He was very silent, like Anna, and I’ll always remember that we were all sitting there working at our typewriters, and he had this habit of walking around, and testing everyone. Everyone was nervous of him. He asked us what he should lead on. He walked round the entire office asking whether The Beatles supposedly taking drugs, or Jackie Kennedy marrying Onassis should be front-page lead. The Beatles won! He was a genius editor — but not when he picked me, of course.
WWD: You spent your career at newspapers. What was it like joining Condé Nast after leaving The New York Times?
S.M.: Jonathan Newhouse was super supportive to me. First, he would ferry me around in his car knowing that the International Herald Tribune was always short of cash. Then he gave me a job! It was very different to go into an organization that speaks its language in pictures and through magazines. When I went in, I found it fascinating going around to the different countries and talking to the different editors. You really get a feeling of the character of the country in the different Vogues. I found that very interesting.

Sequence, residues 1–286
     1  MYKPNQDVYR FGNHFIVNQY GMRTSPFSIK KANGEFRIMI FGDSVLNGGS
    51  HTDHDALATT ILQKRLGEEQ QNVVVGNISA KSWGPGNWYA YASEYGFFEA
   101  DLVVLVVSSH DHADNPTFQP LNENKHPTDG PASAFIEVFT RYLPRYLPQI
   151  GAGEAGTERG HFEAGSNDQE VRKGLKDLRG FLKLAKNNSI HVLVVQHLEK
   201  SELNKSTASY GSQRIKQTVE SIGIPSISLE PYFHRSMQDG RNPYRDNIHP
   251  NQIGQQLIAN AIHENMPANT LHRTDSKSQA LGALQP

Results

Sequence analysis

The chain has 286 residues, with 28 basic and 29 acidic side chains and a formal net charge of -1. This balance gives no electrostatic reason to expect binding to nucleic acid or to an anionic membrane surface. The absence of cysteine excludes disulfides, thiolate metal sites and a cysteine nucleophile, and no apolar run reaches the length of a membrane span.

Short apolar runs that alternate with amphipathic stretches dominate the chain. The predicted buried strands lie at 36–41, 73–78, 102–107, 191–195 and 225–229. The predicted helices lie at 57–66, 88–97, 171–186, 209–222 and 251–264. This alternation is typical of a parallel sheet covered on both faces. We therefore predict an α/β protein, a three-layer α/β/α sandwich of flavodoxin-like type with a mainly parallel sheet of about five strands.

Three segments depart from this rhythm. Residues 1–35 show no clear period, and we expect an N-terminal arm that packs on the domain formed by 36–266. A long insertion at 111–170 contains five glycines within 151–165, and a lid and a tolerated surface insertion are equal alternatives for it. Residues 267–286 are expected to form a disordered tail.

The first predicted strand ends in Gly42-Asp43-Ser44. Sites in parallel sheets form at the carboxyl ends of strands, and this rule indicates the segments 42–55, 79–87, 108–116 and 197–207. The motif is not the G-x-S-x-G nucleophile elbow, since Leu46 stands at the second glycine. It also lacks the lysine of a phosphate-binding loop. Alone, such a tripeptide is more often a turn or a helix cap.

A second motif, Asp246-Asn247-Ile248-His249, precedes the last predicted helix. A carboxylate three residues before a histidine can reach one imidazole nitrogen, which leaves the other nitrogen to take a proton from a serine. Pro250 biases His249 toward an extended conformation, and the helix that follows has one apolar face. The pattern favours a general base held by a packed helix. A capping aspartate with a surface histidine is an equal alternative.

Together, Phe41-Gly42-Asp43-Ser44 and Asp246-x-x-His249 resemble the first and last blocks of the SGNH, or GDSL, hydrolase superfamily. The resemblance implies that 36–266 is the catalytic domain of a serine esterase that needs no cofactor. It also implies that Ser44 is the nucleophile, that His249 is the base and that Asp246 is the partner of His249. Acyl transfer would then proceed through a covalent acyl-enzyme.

Suzy Menkes Stephane Feugere
WWD: You are one of the originators of the luxury business summit, which has proven a major revenue stream for newspapers and magazines alike. You started them in 2000 at the IHT, and did a similar job for Condé Nast, with your last luxury conference taking place in South Africa in 2019.
S.M.: I would have gone on had I been able to, but Condé Nast realized, quite rightly, that unfortunately this pandemic killed everything dead. It’s very disappointing and disappointing for the people I worked with and it made me sad that everybody had to leave because there was no job.
WWD: What sort of approach did you take to organizing these events and why have they become so important?